Her point, presumably, was that voters should be afraid if her husband loses. Hmmm.

Time matters. We're only about four months from the first votes, and less when you realize the campaigns will be on holiday ice for much of December. If Obama has a second act beyond the fresh-face, outside-Washington shtick, tonight's debate in Iowa would be a good time to start using it.

Clinton's big lead is a testament to her experience and her play-it-safe approach as well as to his careless mistakes on foreign policy. While she can't assume anything yet, she is building an advantage against the Republican pick. Rudy Giuliani and Mitt Romney are still forced to grovel before the archconservative wing of the GOP, while Clinton has the luxury of being able to tack toward the center. Indeed, one of the biggest surprises of the Democratic race is that Clinton is fending off the far-left challenges of Obama and former senator, and future lobbyist, John Edwards, without pandering in extremis.

Could it be that the wackadoo wing is growing up? Or are the adults taking over from the burn-the-house down radicals?

Either way, Clinton has benefited. When the campaign started, her 2002 pro-war vote had the potential to derail her. While it is still Obama's strong suit - he refers to it every time Iraq comes up - it clearly doesn't have the potency it did. It's almost as though voter anger has given way to cooler calculations about who is more ready to be President.

It's also true that Clinton has sometimes met the wackadoos halfway. Her vote against troop funding last May in the fight over Iraq timetables was a signal of her no-limits determination to win the nomination. It was, however, a serious mistake for anyone who wants to be commander in chief and will certainly be the focus of a GOP commercial in the general election.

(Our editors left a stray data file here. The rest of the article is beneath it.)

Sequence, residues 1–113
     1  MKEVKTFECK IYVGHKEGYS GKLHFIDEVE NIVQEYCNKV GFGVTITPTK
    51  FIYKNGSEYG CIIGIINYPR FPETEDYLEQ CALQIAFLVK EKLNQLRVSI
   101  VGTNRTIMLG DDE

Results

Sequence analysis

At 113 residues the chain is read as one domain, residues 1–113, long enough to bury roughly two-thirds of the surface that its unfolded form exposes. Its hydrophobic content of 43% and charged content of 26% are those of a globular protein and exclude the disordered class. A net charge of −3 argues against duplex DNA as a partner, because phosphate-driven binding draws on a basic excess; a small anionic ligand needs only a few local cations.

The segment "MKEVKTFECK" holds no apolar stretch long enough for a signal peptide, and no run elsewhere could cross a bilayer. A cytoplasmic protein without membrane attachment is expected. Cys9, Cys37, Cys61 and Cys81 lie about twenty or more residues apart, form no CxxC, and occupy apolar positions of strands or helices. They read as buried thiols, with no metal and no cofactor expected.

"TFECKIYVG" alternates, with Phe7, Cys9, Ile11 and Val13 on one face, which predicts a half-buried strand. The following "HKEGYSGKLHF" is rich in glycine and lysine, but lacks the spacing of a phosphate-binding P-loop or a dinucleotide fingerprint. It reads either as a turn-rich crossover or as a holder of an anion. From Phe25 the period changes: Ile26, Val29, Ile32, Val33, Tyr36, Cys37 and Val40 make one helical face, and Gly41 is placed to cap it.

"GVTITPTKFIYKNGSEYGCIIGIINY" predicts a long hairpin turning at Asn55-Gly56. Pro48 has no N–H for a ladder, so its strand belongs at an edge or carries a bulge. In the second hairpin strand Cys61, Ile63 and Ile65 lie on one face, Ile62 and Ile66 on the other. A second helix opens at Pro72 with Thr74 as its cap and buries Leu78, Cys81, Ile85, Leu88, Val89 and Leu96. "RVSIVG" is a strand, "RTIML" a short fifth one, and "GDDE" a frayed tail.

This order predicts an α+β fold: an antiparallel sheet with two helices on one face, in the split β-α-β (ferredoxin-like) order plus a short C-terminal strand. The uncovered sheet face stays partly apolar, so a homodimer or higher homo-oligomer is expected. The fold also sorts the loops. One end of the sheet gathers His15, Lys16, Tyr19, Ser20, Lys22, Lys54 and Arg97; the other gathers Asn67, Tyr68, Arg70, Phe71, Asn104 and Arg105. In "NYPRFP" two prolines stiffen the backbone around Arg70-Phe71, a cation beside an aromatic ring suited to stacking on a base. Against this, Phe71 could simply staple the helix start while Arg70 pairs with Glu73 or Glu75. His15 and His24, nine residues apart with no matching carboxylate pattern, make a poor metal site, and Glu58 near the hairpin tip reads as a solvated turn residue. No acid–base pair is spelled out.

But in general, she has also been more realistic about Iraq. Her recent comments that withdrawal could not be immediate and total struck the right balance, as have her plans to continue fighting Al Qaeda. You'll know she is ready for the general election when she answers Giuliani's challenge and throws off the PC shackles to use the phrase "Islamic terrorists."

Obama needs to get the momentum back fast, but the problem is that debates have not helped. Clinton's gotten better at them and he's gotten worse. His only hope is to stay close and pull out at least two early state victories.

The one thing he can't count on is help from Clinton, who is less likely now to make big mistakes. Even the attacks from Karl Rove and Giuliani, designed to energize the GOP base, have strengthened her.

All of which adds up to Obama being alone at the bar. As bartenders have been known to say in such sad moments, you don't have to go home, but you can't stay here.

Every weekday JewishWorldReview.com publishes what many in Washington and the media consider "must-reading". Sign up for the daily JWR update. It's free. Just click here.

Michael Goodwin is a Pulitzer Prize-winning columnist for the New York Daily News. Comment by clicking here.


© 2007 NY Daily News Distributed by Knight Ridder/Tribune Information Services